Inspirational alumna Margaret Whitlam remembered
20 March 2012
She was brought up on the bright side of town, but Margaret Elaine Whitlam, who died on March 17, came from a family with a tradition of community service, studied social work, and experienced scarcity first hand as a mother and volunteer worker in Cabramatta in the late 50s, when it was a semi-rural settlement.
Mrs Whitlam completed her high school years at Sydney Church of England Girls Grammar School, Darlinghurst, intending to study languages at the University of Sydney but, falling short of the marks required for entry, she enrolled in the diploma of social work from the newly established School of Social Study and Training instead.
At the time of Mrs Whitlam's studies, the school was tucked away in the north-west corner of the Quadrangle. The University had been experiencing difficulties finding a 'home' for the social work trainers after subsuming the course from the private sector at the urging of the NSW Parliament. The government had been unwilling to dedicate funds to the fledgling professional training of "social service workers and child-welfare officers" until the course was subject to academic rigour.
Trainee social worker Margaret Dovey met her future husband, Edward Gough Whitlam, at the Sydney University Dramatic Society Christmas Party in 1939. She later recalled that her hair was wet at that meeting because she had just come from a swim. Miss Dovey was a national champion in breaststroke, and swam for the University. When she met Gough Whitlam, each was immediately smitten with the other. They were married on April 22, 1942, a few weeks before Gough received his call-up papers as a RAAF navigator in World War II.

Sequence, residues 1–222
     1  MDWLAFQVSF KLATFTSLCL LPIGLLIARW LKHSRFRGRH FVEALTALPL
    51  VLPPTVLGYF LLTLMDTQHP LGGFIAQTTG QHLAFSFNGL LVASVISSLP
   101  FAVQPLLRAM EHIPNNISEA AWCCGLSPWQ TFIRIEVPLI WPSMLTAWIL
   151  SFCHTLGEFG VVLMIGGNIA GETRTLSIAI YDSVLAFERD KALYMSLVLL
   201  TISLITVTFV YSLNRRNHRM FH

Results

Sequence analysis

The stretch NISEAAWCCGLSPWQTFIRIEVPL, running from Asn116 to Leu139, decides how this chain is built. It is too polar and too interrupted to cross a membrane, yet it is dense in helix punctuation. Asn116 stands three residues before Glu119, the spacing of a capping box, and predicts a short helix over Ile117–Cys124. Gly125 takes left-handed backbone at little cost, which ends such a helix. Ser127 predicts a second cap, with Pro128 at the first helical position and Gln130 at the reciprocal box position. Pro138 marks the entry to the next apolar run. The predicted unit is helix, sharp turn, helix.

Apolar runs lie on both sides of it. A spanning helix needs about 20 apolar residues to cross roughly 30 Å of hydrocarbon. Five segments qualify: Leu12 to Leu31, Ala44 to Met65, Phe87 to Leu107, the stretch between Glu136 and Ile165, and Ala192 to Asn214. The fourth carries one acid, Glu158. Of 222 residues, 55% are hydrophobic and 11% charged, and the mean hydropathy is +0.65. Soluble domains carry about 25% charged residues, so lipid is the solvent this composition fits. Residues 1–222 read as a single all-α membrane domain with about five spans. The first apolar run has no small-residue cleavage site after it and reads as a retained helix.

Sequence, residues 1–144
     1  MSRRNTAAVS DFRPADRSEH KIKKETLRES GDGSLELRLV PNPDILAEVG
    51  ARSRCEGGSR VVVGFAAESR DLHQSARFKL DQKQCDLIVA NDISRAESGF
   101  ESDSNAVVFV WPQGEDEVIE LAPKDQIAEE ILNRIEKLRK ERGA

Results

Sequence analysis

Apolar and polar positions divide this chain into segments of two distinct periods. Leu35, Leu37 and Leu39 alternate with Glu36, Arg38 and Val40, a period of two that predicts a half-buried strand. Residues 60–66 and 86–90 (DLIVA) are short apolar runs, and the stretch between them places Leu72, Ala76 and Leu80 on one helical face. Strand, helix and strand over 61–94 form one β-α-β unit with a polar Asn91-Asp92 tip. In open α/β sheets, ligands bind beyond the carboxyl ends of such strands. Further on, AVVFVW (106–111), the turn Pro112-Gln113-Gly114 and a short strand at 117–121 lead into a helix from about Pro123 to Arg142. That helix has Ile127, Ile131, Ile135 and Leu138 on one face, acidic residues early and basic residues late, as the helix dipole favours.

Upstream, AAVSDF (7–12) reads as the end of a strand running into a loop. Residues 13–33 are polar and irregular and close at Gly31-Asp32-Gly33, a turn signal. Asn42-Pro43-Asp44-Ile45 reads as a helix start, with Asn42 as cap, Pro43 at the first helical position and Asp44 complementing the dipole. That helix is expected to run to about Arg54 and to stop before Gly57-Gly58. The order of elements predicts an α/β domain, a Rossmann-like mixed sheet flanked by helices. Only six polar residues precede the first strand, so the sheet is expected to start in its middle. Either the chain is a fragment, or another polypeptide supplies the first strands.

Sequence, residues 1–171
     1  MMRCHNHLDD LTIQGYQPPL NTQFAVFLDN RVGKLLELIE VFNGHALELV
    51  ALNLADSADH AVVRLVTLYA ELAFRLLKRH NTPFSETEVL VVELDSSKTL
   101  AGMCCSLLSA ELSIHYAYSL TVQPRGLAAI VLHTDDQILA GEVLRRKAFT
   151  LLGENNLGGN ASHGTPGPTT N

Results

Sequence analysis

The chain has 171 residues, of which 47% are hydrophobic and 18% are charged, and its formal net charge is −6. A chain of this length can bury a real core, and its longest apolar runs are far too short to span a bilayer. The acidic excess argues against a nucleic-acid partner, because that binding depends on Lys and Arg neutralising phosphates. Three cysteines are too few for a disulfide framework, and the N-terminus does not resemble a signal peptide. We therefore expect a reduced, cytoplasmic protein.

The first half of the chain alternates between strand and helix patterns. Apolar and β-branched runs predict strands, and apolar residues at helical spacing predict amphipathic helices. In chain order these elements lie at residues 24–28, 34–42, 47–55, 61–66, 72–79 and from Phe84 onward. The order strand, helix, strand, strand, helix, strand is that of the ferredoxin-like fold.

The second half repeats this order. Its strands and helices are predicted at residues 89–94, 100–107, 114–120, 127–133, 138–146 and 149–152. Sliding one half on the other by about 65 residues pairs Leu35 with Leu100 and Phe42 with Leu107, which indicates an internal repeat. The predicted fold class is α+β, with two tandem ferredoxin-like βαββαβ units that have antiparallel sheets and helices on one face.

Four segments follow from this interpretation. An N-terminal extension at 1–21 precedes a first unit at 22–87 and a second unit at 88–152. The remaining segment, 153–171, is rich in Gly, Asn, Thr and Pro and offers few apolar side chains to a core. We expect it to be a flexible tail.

During the early years of her marriage, Mrs Whitlam continued working for the Family Welfare Bureau, until morning sickness halted her career. Remarkably for the time (and even now), Mrs Whitlam returned to University after the birth of her first two children, Antony (1944) and Nicholas (1945). She graduated with a degree in social studies in 1948, the year after her husband was admitted to the NSW bar.
In the early 1960s, while living in Cabramatta, Mrs Whitlam became increasingly involved in her husband's political career. He had by then been elected Member for Werriwa and she provided some of the push for the Labor Party's urban agenda, drawing on her experiences at home and from her part-time work as Parramatta District Hospital's only social worker.
– Margaret Elaine Whitlam (nee Dovey). Prime minister's wife, community activist and national treasure. Born November 19, 1919, Sydney. Died March 17, 2012, Sydney, aged 92.